Next week, The Black Art in America Fine Arts Show kicks off in Houston. One of the featured artists, Lilian Blades is not only featured artist but is presenting new work. Ms. Blades is a multidisciplinary artist. She utilizes found objects as well as new objects and processes. Her work evokes the energy of the American South, yet her roots are in the Bahamas. Lillian bridges the cultures of African Americans and the Bahamas by merely calling on what she knows – the African diaspora. I had the opportunity to talk to her about her process and what to expect at the Fair on October 27.
Melissa Hunter Davis (MHD): Tell me about your creative process.
Lillian: I’m originally a painter, but I really want to discuss things that I feel that are more inherent to me naturally, ancestral, as far as, aesthetic. Like, a tradition that I’ve been brought up in or a culturally and I didn’t relate to paintings so much because it’s something that was taught in school, but I never was attracted to the flat surface.
I always loved working with my hands with texture, color pattern and found material. So I found a way to integrate all of that into a structure that is on the flat surface and still be a flat painting.
MHD: When I look at your work, it immediately reminds me of the American South.
Lillian: The South, the Caribbean and Africa or West Africa, are pretty much similar aesthetically in their creations. I see that connection. As soon as I started seeing the works of southern cultures or African-American cultures, the abstract way of using and reusing, repurposing materials in a make do way; I connected to that.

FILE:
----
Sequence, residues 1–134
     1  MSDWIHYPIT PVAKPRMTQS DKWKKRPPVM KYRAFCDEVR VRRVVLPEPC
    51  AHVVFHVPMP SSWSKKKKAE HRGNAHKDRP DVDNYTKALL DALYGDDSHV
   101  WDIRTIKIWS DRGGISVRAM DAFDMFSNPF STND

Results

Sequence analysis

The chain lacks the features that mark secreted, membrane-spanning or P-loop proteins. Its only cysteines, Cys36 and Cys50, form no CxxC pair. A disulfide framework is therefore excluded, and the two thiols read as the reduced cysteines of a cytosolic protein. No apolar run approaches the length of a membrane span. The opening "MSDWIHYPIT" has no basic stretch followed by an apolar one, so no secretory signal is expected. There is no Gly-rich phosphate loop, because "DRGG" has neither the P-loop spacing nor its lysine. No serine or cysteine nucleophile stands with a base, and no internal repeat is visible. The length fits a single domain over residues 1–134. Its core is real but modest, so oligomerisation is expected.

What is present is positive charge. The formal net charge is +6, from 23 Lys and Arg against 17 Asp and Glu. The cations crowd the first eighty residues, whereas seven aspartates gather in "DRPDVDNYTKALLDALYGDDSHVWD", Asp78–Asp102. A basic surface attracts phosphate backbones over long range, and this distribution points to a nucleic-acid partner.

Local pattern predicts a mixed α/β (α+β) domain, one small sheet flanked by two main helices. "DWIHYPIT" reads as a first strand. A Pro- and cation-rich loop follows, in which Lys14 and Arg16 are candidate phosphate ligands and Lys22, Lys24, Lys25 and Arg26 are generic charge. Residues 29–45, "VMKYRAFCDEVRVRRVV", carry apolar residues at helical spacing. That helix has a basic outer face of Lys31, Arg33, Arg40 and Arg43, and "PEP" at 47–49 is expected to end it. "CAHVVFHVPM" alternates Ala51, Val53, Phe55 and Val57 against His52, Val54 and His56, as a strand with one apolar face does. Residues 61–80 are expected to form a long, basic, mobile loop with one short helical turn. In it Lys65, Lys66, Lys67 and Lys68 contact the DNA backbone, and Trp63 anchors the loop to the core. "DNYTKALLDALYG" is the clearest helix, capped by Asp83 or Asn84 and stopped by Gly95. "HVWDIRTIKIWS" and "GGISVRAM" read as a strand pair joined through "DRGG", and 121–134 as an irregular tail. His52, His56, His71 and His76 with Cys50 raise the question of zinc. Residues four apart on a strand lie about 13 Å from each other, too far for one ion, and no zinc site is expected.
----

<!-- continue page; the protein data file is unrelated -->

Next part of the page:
MHD: Is there any ritual that you use to begin your creative process?
Lillian: I’m pretty organized. At least, I tend to look at what I have to work with any play around with it. I look at the arrangements and the layouts first. It speaks to me as I work with it. I look at materials for what it has, as far as the memories and the things that it stimulates in my mind. The history of materials is interesting to me. As well as, the visual elements and design elements of how they interact, as well.
So regarding, color, pattern, texture, value. All of the elements and principles of design come together. So I organize my materials in that way before I start to work and think of it as a visual language that I’m figuring it out as I go. I don’t have a set way. So it changes sometimes, and I like that. I don’t want to have a set formula.
MHD: What can we expect to see from you at the show?
Lillian: Well, I did a dress for the Birmingham Museum back in 2002, that was the first time that I took the quilt like painting assemblage that I’ve been making, off the wall and decided to make it in the round as a physical dress. I haven’t made a dress form since that time, and a few other people have kind of pushed me. He’s like, “Why don’t you revisit the dress again.” I’m like, “You know what, I think I will.” I’ve done some sculptural pieces that are totem-like. And I’m like, “You know, the totem is kind of like a straight painting. I want to do a more organic dress form.” And it just naturally started coming together So, I’m having fun putting it together. It’s speaking to me as I’m making it. It’s something new, and I haven’t done it before, and that’s the exciting part about it. So I’m excited to share it, as well.